Optimized Naive-Bayes and Decision Tree Approaches for fMRI Smoking Cessation Classification

Amirhessam Tahmassebi*, Amir H. Gandomi, Mieke H.J. Schulte, Anna E. Goudriaan, Simon Y. Foo, Anke Meyer-Baese

*Corresponding author for this work

Research output: Contribution to JournalArticleAcademicpeer-review


This paper aims at developing new theory-driven biomarkers by implementing and evaluating novel techniques from resting-state scans that can be used in relapse prediction for nicotine-dependent patients and future treatment efficacy. Two classes of patients were studied. One class took the drug N-acetylcysteine and the other class took a placebo. Then, the patients underwent a double-blind smoking cessation treatment and the resting-state fMRI scans of their brains before and after treatment were recorded. The scientific research goal of this study was to interpret the fMRI connectivity maps based on machine learning algorithms to predict the patient who will relapse and the one who will not. In this regard, the feature matrix was extracted from the image slices of brain employing voxel selection schemes and data reduction algorithms. Then, the feature matrix was fed into the machine learning classifiers including optimized CART decision tree and Naive-Bayes classifier with standard and optimized implementation employing 10-fold cross-validation. Out of all the data reduction techniques and the machine learning algorithms employed, the best accuracy was obtained using the singular value decomposition along with the optimized Naive-Bayes classifier. This gave an accuracy of 93% with sensitivity-specificity of 99% which suggests that the relapse in nicotine-dependent patients can be predicted based on the resting-state fMRI images. The use of these approaches may result in clinical applications in the future.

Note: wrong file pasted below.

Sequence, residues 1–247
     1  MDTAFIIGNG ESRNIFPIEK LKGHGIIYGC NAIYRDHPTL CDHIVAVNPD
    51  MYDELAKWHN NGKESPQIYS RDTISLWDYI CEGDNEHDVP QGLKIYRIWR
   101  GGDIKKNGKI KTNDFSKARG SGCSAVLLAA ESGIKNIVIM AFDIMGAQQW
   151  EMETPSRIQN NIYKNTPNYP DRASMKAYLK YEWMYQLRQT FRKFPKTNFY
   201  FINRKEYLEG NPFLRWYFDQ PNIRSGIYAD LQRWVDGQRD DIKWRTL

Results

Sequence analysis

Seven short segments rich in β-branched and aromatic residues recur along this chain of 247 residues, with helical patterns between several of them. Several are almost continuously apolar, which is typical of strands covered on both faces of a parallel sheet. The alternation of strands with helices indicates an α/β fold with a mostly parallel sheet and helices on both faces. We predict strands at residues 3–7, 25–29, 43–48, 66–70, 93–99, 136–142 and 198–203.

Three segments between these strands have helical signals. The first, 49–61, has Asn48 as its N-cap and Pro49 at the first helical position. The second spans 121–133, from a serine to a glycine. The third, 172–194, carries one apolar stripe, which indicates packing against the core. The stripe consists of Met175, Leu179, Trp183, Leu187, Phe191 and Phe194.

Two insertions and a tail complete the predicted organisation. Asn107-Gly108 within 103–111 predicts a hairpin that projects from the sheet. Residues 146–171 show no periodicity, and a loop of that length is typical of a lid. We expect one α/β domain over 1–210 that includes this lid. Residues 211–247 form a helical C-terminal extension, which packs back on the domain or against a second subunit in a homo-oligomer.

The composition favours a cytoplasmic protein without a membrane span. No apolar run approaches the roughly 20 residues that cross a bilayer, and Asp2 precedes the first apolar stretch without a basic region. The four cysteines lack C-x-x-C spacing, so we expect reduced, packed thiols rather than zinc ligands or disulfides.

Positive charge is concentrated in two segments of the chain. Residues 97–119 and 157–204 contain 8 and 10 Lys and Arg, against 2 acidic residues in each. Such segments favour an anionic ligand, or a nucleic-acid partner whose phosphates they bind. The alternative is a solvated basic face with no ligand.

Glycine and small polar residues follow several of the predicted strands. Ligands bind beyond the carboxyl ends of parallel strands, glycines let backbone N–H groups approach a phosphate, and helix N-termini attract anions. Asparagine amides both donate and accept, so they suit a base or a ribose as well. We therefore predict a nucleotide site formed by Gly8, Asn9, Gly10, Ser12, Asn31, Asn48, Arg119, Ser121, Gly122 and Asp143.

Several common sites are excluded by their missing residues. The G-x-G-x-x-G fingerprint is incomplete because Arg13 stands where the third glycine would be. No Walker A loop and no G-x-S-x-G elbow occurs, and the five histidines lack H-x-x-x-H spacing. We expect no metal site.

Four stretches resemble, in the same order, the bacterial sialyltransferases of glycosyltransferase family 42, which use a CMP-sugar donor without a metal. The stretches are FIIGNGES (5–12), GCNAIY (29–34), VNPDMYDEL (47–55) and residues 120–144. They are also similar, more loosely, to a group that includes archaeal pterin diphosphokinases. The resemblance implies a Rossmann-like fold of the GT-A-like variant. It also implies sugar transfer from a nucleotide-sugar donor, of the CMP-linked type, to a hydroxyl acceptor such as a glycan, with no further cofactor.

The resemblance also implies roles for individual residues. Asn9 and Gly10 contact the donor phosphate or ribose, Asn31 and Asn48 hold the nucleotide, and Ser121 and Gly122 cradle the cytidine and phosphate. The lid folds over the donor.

Original languageEnglish
Article number2740817
Publication statusPublished - 1 Jan 2018
Externally publishedYes


Dive into the research topics of 'Optimized Naive-Bayes and Decision Tree Approaches for fMRI Smoking Cessation Classification'. Together they form a unique fingerprint.

Cite this